Freitag, 06. Dezember 2019, 18:00 - 20:00 iCal

Hersch Lauterpacht and Otto Wächter

two law students at the University of Vienna

U 11, Juridicum
Schottenbastei 10-16, 1010 Wien


In 1919, two men enrolled at the University of Vienna Faculty of Law and later went on to pursue very different careers. While Hersch Lauterpacht became one of the most eminent scholars of International Law in the 20th century, holding the famous Whewell Chair at the University of Cambridge and being a Member of the International Law Commission and Judge at the International Court of Justice, Otto Wächter rose to the upper ranks of the Nazi party. Wächter was involved as an illegal Nazi in the 1934 assassination of Dollfuss in Vienna, later became the Governor of first Krakow and then Distrikt Galizien, based in Lemberg, Lauterpacht’s town of origin. Lauterpacht was a prosecutor at the Nuremberg trial, while Wächter, who was indicted for international crimes, was never caught and died in 1949 while on the run in Rome.


The keynote speech of Philippe Sands will juxtapose these different life paths, drawing on his book “East-West Street” and a new project, “The Ratline”.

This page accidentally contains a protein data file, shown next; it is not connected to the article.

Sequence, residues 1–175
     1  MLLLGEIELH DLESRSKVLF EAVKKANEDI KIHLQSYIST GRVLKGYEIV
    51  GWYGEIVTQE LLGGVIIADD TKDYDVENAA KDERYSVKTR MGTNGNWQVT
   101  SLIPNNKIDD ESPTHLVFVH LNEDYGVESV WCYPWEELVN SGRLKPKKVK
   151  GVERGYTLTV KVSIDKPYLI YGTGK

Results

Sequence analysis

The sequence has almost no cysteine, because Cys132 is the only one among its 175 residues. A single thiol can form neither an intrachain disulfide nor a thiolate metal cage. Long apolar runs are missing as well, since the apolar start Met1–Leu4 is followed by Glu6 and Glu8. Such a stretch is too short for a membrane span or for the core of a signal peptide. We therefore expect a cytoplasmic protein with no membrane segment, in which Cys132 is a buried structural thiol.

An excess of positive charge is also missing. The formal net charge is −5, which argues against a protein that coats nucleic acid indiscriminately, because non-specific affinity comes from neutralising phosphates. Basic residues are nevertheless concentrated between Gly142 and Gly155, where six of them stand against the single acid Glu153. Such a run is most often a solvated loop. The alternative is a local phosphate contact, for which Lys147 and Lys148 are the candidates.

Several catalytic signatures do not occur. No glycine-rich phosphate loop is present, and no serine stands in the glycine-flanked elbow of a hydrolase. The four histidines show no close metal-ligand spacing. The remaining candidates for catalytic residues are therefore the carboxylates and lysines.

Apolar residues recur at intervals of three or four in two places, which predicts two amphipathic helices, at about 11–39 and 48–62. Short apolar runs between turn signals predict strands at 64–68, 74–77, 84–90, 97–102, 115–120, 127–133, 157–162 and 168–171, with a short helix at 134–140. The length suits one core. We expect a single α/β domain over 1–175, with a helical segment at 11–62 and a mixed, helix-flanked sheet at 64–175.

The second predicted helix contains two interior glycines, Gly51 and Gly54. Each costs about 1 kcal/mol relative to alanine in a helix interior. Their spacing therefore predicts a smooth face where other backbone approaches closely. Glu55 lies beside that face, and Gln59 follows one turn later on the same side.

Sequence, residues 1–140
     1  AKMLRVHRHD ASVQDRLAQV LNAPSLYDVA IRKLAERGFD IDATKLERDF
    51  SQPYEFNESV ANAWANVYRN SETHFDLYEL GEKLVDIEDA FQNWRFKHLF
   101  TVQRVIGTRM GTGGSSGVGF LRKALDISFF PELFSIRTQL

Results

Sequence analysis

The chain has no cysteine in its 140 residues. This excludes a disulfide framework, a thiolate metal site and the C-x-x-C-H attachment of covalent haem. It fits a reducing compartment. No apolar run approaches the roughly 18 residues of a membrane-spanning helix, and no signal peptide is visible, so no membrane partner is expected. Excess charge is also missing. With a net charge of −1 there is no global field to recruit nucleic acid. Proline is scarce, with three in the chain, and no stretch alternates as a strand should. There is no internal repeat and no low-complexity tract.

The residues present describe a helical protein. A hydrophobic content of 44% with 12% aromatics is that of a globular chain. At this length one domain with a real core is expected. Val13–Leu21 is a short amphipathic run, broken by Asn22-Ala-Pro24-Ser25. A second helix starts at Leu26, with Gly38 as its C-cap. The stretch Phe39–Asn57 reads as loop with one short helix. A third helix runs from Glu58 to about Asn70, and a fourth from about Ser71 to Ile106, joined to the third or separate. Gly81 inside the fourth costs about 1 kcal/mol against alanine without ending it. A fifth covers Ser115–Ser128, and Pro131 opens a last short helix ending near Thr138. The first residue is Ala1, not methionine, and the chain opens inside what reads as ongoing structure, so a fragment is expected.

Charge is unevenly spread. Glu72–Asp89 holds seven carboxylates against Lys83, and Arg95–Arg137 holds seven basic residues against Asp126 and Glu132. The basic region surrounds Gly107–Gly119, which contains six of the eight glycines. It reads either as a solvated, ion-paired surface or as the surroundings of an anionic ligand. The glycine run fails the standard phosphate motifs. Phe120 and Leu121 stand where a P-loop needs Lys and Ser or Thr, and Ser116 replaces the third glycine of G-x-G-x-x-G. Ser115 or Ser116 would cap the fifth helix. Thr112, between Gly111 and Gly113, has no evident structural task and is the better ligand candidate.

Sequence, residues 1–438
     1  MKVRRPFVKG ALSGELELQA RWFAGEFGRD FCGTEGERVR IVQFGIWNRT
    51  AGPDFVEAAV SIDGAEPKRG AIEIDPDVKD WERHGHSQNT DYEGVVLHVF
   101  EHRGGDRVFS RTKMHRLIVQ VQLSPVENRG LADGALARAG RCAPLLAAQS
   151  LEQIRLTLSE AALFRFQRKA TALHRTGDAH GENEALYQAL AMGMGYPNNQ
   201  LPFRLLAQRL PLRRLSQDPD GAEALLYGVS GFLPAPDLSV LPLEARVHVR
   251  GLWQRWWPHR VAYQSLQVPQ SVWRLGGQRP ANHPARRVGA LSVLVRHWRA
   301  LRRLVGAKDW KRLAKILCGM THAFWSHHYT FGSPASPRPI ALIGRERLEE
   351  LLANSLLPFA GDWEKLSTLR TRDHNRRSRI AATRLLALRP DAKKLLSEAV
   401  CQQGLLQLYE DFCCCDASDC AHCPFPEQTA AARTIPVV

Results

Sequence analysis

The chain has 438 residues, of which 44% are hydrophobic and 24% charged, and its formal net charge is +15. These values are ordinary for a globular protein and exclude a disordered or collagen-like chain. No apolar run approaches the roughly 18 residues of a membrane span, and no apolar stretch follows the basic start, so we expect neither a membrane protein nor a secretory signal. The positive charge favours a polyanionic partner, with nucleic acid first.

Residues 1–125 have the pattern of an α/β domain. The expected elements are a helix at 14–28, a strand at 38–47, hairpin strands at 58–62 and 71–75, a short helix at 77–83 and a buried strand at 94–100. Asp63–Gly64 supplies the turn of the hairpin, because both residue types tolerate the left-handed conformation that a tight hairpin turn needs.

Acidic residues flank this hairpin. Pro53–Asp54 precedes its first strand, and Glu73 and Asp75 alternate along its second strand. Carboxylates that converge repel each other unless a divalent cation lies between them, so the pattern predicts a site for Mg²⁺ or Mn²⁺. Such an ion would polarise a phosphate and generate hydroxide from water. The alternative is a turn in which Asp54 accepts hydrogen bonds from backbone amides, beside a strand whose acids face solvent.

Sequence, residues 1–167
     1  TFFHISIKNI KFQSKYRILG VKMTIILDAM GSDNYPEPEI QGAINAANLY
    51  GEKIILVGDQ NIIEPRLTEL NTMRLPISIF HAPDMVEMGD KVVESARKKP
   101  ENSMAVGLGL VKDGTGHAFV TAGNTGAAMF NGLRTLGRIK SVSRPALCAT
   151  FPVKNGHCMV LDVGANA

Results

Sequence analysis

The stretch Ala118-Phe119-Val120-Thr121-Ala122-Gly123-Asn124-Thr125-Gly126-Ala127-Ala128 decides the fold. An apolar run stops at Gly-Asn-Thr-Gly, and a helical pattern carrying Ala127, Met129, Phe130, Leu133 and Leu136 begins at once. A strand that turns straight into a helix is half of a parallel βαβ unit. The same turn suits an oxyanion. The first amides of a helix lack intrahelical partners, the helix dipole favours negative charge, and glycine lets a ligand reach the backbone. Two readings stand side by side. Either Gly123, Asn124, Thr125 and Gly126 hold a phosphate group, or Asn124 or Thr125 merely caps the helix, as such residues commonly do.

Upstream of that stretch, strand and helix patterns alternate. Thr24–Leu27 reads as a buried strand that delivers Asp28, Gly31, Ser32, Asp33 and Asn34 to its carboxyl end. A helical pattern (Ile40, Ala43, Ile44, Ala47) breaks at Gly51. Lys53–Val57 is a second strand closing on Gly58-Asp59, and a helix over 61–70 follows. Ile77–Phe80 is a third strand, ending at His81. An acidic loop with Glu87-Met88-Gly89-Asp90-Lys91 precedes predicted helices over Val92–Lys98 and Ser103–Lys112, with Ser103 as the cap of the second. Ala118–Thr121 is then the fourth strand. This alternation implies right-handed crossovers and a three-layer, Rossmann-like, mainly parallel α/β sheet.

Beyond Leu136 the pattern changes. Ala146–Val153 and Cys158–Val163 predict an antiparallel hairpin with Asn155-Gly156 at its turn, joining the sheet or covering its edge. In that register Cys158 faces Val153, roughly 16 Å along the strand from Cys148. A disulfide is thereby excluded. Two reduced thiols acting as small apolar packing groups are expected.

Please register for the event via e-mail at




18:15: Welcome Address

by the Vice-Dean of the Faculty of Law, Professor Franz-Stefan Meissel


18:20: Stories of Exile, Persecution and Death in the East: historical remarks

Introductory Remarks by Professor Kerstin von Lingen,Department of Contemporary History


18:30: Hersch Lauterpacht and Otto Wächter: two lives, from Vienna, 1919, to Cambridge and Rome, 1949

Keynote Speech by Professor Philippe Sands, QC, London


19:10: Stories of International Law and International Crimes

A Conversation between Professors Philippe Sands and Miloš Vec, Department of Legal and Constitutional History


19:30: Open Forum with the Audience

Zur Webseite der Veranstaltung


Institut für Zeitgeschichte und Institut für Rechts- und Verfassungsgeschichte der Universität Wien

Um Anmeldung wird gebeten


Sara Vorwalder
Institut für Zeitgeschichte